What is the role and responsibly of a trustee?
I am often asked to explain the role and related responsibilities of a trustee to people who are considering accepting an appointment as a trustee for the first time. An appointment as a trustee is a position that comes with a substantial amount of responsibility and, therefore, it is an appointment not to be taken lightly. Gone are the days of family trusts being managed by related people. These days the Master of the High Court generally insists on the inclusion of an independent trustee to the trust. More often than not an independent trustee will be a person with a legal or accounting background, who will advise the other trustees with regard to the administration of the trust. It is, therefore, important that anyone accepting an appointment as a trustee understands the fiduciary duties associated with such an appointment and the responsibility they will be assuming in this regard.
Role of trustee
The initial trustees are appointed by the donor on the formation of a trust and, thereafter, when an existing trustee resigns or is replaced, in accordance with the provisions of the relevant trust deed. The main role of a trustee is to administer the trust assets in the best interest of all the beneficiaries, whilst having the utmost regard for the provisions of the trust deed. It is most important for a trustee to understand the underlying reason for the trust’s establishment in the first place. Trustees should fully review and understand the trust deed, as this document usually contains specific instructions on how the donor would like the trust assets to be managed. All decisions and actions taken by the trustees must be made with reference to the trust deed and Trust Property Control Act 57 of 1988. Trustees should also understand what assets, bank accounts, insurance policies etc. exist in the name of the trust. A trustee should also familiarise him / herself with the location and current value of the trust assets as important investment decisions will need to be made based on this information.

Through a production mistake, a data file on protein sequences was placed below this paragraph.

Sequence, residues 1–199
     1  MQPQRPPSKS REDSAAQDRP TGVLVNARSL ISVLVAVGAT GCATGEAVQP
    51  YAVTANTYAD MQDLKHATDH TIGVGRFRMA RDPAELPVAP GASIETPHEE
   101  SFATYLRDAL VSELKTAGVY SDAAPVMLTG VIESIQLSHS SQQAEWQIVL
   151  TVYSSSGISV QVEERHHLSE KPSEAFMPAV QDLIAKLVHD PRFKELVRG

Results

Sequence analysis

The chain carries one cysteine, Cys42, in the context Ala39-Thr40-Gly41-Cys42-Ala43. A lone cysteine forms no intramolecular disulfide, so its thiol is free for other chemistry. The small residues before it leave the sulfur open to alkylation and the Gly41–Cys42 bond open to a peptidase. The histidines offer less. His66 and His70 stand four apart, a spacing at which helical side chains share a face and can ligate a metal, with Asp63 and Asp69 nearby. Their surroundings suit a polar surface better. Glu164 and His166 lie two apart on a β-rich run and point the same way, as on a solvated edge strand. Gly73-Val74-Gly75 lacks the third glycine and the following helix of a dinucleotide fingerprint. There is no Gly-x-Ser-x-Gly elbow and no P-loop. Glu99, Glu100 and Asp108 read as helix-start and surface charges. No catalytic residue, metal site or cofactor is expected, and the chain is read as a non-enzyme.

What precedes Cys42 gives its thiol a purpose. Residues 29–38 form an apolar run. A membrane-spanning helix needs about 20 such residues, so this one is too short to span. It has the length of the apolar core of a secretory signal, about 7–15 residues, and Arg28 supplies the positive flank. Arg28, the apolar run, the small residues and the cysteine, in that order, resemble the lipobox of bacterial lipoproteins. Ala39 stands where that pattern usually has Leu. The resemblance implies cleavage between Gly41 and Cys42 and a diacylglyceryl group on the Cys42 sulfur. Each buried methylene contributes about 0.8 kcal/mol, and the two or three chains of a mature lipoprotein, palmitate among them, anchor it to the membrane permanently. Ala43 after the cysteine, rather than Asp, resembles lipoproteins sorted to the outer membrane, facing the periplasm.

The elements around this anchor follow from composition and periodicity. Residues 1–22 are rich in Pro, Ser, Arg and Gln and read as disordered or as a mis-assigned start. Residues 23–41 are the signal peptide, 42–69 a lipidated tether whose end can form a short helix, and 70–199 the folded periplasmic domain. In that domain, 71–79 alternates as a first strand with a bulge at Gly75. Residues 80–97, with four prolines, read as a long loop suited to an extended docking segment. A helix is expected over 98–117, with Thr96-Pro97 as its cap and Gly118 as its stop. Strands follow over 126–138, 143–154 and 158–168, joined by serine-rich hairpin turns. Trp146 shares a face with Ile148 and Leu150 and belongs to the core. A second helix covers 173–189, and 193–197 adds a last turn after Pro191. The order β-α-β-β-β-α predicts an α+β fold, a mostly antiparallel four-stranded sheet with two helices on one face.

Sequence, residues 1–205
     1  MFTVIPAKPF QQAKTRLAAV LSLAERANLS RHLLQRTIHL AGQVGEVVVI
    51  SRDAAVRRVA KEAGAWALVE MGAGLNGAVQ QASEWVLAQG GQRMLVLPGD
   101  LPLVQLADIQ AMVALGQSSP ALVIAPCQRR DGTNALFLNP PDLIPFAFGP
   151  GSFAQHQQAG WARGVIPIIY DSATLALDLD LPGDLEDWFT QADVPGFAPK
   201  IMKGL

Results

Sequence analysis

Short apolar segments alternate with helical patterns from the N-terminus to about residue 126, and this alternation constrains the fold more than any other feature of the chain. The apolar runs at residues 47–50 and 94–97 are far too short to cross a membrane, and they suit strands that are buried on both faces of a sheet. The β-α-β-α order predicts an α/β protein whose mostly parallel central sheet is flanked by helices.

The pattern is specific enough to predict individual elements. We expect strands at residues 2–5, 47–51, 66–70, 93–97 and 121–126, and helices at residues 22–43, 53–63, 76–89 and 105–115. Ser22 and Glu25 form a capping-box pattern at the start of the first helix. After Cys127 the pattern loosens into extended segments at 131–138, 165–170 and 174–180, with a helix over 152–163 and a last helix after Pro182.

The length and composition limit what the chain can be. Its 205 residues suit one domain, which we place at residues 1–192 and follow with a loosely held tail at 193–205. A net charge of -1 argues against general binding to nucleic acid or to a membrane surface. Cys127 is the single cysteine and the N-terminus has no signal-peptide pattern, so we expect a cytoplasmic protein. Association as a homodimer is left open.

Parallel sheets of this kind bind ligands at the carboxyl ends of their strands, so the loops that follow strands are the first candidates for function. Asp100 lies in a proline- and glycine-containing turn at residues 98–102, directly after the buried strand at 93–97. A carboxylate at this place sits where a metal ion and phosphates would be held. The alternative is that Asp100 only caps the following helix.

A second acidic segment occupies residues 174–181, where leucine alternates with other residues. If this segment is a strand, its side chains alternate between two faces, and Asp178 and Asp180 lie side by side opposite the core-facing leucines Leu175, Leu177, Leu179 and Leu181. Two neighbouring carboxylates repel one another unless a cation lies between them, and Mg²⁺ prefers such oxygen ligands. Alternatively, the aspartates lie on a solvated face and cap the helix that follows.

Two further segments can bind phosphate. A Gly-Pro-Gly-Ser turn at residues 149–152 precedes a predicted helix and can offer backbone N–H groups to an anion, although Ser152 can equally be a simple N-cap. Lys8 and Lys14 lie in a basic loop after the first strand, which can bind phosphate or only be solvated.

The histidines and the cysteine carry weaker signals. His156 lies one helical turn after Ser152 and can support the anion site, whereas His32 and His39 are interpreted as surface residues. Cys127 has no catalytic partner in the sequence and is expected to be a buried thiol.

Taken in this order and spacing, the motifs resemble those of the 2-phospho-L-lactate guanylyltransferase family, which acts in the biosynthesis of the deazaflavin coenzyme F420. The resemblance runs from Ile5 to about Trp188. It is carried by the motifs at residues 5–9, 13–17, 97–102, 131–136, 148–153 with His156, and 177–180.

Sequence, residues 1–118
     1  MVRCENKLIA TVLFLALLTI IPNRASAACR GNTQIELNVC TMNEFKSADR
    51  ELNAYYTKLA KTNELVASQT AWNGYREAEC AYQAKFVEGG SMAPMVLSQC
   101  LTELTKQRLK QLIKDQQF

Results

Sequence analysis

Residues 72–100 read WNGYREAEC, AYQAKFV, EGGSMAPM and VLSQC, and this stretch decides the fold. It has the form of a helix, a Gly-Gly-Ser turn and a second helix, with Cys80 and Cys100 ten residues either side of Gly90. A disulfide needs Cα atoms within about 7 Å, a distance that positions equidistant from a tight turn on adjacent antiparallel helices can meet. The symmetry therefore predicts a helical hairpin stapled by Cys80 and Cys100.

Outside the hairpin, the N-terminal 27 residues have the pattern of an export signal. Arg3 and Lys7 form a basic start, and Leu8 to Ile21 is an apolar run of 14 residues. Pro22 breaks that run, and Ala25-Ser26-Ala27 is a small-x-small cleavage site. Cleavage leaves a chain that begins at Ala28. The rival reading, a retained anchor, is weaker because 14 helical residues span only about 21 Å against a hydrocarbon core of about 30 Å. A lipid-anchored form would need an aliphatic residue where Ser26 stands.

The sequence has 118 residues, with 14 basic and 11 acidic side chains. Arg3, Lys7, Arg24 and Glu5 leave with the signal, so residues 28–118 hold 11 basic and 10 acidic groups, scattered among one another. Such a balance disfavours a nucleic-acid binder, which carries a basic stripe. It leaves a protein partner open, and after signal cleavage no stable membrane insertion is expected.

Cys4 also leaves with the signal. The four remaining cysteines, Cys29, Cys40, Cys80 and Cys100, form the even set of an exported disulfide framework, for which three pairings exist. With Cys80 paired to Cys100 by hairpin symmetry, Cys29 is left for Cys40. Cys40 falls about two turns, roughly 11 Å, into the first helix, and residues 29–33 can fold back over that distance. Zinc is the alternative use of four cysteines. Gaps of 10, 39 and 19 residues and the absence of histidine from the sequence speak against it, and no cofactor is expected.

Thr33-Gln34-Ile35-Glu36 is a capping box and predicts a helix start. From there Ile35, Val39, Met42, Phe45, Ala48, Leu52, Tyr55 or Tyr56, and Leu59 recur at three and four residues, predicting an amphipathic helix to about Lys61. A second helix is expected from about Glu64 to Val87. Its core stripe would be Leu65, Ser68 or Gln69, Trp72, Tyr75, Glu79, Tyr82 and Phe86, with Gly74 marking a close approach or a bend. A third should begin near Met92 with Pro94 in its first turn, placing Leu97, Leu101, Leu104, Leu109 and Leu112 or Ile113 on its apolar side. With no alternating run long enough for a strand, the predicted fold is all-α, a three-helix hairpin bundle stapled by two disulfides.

It is important to remember that the trust assets belong to the trust and not the trustees. Trustees are prohibited from using the trust assets for their own benefit, unless the trust deed specifically authorises such action. An example of this would be where the trust owns residential property. Assume that three trustees are appointed, two of them a married couple and the other their attorney. The trust deed allows for the couple to live in the house but the trust deed could specify that a market related rental is to be charged so that income accrues for the benefit of all beneficiaries which includes the children of the married couple.
Trustees are also responsible for the maintenance of accurate accounting records in respect of the trust. They will need to report in this regard on a consistent and on-going basis. The trustees will also need to ensure that all statutory filing requirements are attended to, such as the filing of tax returns, submission of VAT or PAYE returns, etc. In short, a trustee should ensure that the trust is fully compliant with all pertinent statutory regulations.
Most trust deeds allow the trustees to consult professionals such as attorneys or accountants. As such, it is important to remember that you are not alone when appointed as trustee of a trust and should attend to consult with professional advisors before making an important decision, such as selling a property or investments. Attorneys can assist with drawing up agreements and conveyancing documents etc. as required, and tax practitioners can advise regarding the tax consequences relating to the sale or acquisition of assets.
In essence, when accepting an appointment as a trustee, you assume the responsibility of ensuring the proper management and administration of the trust on behalf of the beneficiaries, which also includes compliance with all legal and statutory requirements. It might seem like an awesome responsibility but professional advice is available to “ease the burden”.
Company Secretarial Officer, Cape Town